Dec. 15, 2000 -- A woman was apparently sucked out of an airborne corporate plane as the passenger in front of her made a desperate attempt to save her — and pilots didn’t know it until they reached they landed.
FBI agents investigating a woman’s 2,000-foot fall Thursday night have ruled out foul play and are treating it as an accident or a suicide. The passenger who tried to save her felt a strange sensation, turned around, and saw the woman being sucked out an open emergency exit door, agent Andy Black said. With other passengers watching, the man held on to her as long as he could, but finally had to let go to avoid being sucked out as well.
The co-pilot emerged from the cockpit and quickly closed the door to keep the other passengers out of danger. The man who tried to save the woman and other passengers tried to tell the co-pilot what had happened, but he did not hear them because of the loud whooshing sound generated by the open plane door and the chaos of the situation.
“It’s a very dangerous situation when a door flies open in a moving plane,” said Black. “The co-pilot came to the back of the plane and immediately secured the door so that no one else would be in danger. What happened was that the other passengers tried to tell him he lost a passenger, but in the confusion of the situation and the loud noise of the wind rushing into the plane, he apparently didn’t hear them.”
The pilots did not realize they had lost a passenger until the plane landed at San Jose International Airport at 6:05 p.m. Based on the accounts of the male passenger and others who saw the woman fall out of the plane, Black said, murder has been ruled out. Keeping in mind the woman’s plunge could have been an accident, Black said investigators are considering the possibility it could have been a suicide.
“It’s a very possible,” Black said. “This is a bizarre case that just keeps getting more bizarre.”
Sacramento police said late today they found what they believe are the remains of the woman in the back of a garden there. The woman, an employee of Hewlett-Packard’s purchasing department, was from the San Francisco Bay area, according to the company and the FBI. Her name is being withheld until her parents are located and informed. Meanwhile, Black said, FBI agents plan to question the woman’s husband and her co-workers.
The twin-engine turboprop plane, leased by Hewlett-Packard for use as an employee shuttle, was carrying five passengers and two crew members when it took off from Lincoln Regional Airport, which serves the town of Roseville north of Sacramento. The plane had 18 seats, so it was far from full.
The plane flies regularly between Roseville and San Jose, two California cities where Hewlett-Packard has offices, the FAA said. The company is headquartered in Palo Alto, near San Jose.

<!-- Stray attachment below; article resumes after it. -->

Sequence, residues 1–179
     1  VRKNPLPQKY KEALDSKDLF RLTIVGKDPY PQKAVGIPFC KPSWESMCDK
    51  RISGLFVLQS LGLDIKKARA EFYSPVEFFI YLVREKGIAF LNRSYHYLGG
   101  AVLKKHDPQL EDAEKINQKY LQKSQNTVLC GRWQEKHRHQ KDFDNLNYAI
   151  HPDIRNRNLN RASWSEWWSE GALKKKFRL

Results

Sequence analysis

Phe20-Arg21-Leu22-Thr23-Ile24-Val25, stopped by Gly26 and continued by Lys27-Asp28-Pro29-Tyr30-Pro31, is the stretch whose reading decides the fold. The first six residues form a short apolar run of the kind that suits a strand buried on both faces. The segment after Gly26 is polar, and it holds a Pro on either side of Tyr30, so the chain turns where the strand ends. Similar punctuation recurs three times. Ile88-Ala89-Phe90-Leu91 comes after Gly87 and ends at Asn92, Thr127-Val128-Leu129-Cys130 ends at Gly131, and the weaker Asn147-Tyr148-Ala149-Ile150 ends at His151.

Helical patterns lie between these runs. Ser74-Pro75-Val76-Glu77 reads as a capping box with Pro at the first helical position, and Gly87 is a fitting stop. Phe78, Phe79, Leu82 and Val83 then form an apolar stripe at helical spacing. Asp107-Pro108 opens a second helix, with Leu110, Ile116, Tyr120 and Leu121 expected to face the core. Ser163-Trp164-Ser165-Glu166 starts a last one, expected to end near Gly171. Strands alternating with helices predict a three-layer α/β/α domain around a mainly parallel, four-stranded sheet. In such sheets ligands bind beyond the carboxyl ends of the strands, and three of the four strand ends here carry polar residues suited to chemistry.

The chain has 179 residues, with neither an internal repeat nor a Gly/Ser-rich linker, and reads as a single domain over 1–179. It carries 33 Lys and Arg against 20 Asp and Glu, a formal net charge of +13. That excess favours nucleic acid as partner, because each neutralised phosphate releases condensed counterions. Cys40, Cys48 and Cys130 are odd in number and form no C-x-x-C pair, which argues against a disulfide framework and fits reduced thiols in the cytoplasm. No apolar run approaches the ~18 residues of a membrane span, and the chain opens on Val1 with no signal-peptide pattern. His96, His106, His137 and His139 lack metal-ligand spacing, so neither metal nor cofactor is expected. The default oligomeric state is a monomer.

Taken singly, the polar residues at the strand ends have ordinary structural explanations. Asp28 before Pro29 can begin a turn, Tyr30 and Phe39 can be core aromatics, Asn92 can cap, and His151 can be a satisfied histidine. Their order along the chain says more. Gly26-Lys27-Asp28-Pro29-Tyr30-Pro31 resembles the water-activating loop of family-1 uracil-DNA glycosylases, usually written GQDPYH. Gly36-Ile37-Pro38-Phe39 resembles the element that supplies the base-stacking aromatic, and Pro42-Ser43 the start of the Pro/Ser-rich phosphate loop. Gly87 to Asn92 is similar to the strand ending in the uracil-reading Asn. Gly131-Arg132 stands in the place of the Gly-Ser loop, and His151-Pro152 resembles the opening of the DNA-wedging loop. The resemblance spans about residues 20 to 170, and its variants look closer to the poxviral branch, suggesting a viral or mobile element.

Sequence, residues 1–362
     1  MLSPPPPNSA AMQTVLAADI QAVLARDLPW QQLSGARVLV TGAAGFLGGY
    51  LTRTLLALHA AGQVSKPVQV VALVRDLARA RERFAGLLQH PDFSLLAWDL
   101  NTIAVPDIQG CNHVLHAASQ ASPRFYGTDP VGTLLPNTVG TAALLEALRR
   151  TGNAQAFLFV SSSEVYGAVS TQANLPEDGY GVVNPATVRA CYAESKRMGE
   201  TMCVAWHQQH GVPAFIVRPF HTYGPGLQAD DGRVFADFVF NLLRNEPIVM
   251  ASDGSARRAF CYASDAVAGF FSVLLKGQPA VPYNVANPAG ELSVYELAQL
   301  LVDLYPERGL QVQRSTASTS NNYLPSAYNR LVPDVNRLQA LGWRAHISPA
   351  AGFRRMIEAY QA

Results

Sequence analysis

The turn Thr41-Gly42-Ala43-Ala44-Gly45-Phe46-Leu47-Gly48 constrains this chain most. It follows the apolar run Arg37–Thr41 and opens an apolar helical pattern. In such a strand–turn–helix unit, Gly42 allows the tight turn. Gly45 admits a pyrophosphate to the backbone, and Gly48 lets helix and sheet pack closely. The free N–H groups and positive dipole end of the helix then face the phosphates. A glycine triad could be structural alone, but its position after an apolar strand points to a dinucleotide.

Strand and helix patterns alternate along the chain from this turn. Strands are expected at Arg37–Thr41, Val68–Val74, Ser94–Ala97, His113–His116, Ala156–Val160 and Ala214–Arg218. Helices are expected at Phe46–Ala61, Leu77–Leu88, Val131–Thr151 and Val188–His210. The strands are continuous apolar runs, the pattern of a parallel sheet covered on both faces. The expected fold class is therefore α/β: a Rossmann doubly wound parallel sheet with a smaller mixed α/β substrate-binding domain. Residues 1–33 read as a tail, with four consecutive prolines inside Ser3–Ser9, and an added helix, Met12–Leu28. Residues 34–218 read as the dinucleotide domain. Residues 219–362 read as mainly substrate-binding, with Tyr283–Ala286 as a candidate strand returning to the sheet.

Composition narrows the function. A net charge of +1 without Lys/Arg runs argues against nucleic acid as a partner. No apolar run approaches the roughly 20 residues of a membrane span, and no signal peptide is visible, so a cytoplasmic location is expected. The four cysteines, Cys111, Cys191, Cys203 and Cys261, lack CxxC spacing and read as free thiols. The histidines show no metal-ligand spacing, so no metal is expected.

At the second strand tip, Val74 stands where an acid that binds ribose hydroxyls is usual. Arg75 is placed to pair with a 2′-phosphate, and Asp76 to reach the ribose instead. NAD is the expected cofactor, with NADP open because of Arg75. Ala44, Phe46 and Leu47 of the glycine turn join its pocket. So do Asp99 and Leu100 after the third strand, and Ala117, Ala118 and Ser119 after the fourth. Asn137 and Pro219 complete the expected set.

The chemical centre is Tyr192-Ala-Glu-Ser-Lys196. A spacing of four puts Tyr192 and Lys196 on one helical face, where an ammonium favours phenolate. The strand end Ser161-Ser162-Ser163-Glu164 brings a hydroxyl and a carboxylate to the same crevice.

Police spokesmen and the FBI offered this re-creation of the event, based on initial reports: Shortly after departing the Lincoln airport, the pilot noticed a warning light indicating an unlocked door. The plane made an emergency landing at Sacramento Executive Airport to check on the door, then took off again.
But at 5:23 p.m. local time, about 5 miles southeast of Sacramento, at an altitude of 2,000 feet, the door opened again and the woman apparently fell or jumped out, police said.
After landing, pilots realized they had lost a passenger. A man called 911 at 6:49 p.m., Peterson said. The 44-minute gap in reporting the incident remains unexplained. The woman’s husband was at the San Jose airport waiting for her to arrive when he heard the news.
According to Federal Aviation Administration spokesman Jerry Snyder, the initial report to the FAA was that woman jumped. Snyder said the FAA ruled out the possibility that a mechanical malfunction caused the door to open.Keith Holloway, spokesman for the National Transportation Safety Board, said authorities weren’t sure how the emergency exit was opened.
“At this point there doesn’t appear to be any mechanical issues involved,” he said.
Hewlett-Packard, in a statement, said it was “deeply concerned and [is] helping authorities to determine what happened,” but declined to provide any additional information.
The aircraft was a Canadian-built De Havilland DHC-6-300, a twin turboprop plane also known as a Twin Otter, said Bruce Nelson, an operations officer with the FAA in Los Angeles.
No longer manufactured, but still sold on the secondhand market, the Twin Otter is an extremely popular small aircraft currently in use by businesses, commuter airlines and the U.S. military. Manufacturer De Havilland is now owned by Canadian transportation giant Bombardier.
ABCNEWS’ Kevin Wing in San Francisco, ABCNEWS.com’s Sascha Segan and Bryan Robinson, and The Associated Press contributed to this report.